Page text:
Up until February 22nd, admirers of 1960s and ’70s French design may observe a richly laid out exhibition of upholstered furniture at Demisch Danant gallery in Greenwich Village, New York. Appropriately titled Color Diaries, the presentation provides an ample selection of works by such pioneers of French furniture design as Jean-Pierre Laporte, Pierre Paulin, Joseph-André Motte, Olivier Mourgue, and René-Jean Calliette.
Together, the saturated hues and curved, clean lines of their oeuvres harmonize with each other in the gallery’s ground floor space. Augmenting the interplay of color and form are textile works by American artist Sheila Hicks, which alternately punctuate and limn the abundant presentation.
Visitors are encouraged to interact with the miniature, painted-wood block sets that mirror the simplified forms and interchangeable hues of the furniture on display. While the influence of the Color Field Painters is evident in the designs’ emphasis on monochrome and texture, the exhibition highlights the effortlessly domesticated—yet no less vibrant—nature of such works as Motte’s Armchair, Model 770 (1958) or Mourgue’s Djinn Loungue Set (1964). Each embodies the holistic vision of an individual object yet integrates effortlessly with the comparable designs around them.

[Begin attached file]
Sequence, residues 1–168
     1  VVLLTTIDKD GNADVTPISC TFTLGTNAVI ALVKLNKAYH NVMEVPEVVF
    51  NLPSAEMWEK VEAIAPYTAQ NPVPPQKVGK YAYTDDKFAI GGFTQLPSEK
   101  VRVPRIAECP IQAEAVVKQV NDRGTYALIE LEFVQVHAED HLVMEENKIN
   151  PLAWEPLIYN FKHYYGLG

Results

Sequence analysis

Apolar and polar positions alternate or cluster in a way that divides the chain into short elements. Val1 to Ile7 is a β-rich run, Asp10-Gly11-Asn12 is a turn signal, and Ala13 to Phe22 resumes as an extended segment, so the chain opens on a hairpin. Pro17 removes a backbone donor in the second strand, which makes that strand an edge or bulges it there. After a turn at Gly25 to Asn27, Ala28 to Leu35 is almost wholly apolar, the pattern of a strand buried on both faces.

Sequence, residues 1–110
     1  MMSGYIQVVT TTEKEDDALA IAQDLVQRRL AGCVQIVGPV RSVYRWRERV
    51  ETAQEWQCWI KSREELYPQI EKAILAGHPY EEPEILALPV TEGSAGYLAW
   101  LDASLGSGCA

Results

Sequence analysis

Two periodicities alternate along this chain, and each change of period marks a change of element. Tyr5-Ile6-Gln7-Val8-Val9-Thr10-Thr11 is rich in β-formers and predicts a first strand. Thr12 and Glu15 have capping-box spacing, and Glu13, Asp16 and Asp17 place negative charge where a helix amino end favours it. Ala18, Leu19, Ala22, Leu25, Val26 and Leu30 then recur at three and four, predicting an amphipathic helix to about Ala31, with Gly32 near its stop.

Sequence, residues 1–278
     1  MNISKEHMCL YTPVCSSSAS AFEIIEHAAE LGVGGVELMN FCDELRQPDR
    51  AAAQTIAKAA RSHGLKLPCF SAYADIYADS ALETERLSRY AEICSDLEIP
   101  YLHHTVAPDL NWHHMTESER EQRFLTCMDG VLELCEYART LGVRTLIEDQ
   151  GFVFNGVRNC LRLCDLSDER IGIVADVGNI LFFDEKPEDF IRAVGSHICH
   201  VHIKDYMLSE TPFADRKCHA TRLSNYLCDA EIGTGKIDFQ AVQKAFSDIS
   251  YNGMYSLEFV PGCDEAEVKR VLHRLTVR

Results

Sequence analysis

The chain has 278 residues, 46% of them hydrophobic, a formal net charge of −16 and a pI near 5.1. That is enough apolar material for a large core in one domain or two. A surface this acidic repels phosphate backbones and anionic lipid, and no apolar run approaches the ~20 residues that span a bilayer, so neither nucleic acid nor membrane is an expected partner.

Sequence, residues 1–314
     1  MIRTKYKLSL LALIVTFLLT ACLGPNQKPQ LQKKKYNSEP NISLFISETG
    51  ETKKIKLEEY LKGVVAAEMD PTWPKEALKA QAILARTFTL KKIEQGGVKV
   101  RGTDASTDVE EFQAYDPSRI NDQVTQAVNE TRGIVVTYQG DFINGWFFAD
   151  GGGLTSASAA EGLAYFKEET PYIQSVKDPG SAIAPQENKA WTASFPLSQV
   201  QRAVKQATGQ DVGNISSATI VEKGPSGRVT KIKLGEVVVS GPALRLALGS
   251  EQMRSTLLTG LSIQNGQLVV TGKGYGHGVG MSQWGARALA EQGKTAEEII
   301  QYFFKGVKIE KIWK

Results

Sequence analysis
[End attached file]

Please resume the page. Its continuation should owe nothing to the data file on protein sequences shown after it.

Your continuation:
Jos Devriendt’s unique, seven-foot-high Big Lamp 5CR (2019) is afforded a semi-separate vignette where a surprisingly diffuse, tempered light emanates from its monumental form. This piece grounds the other exhibited works’ timeless elegance and places them in a contemporary moment. Likewise, Hicks’s wall-mounted linen and cotton tondos (2018–2019) provide moments of depth and contemplation alongside the vintage, single-color furniture designs on the floor. Nearby, her woven works, created in the 1980s, echo the gentle curves and parallel lines of the works they surround.
Perhaps the most striking aspect of the pieces on view as part of the Color Diaries exhibition is the intensely human scale and organic approach that transcends the gamut—a clear break from the sleek, hard lines, and neutral palettes of the dominant trends defining the mid 20th century. Walking into the gallery, the pieces’ tendency toward relaxed, lounging postures and melodic, unified variations on individual hues envelops the visitor in a space where interior reflection, precisely balanced dimensions, and daily life coincide.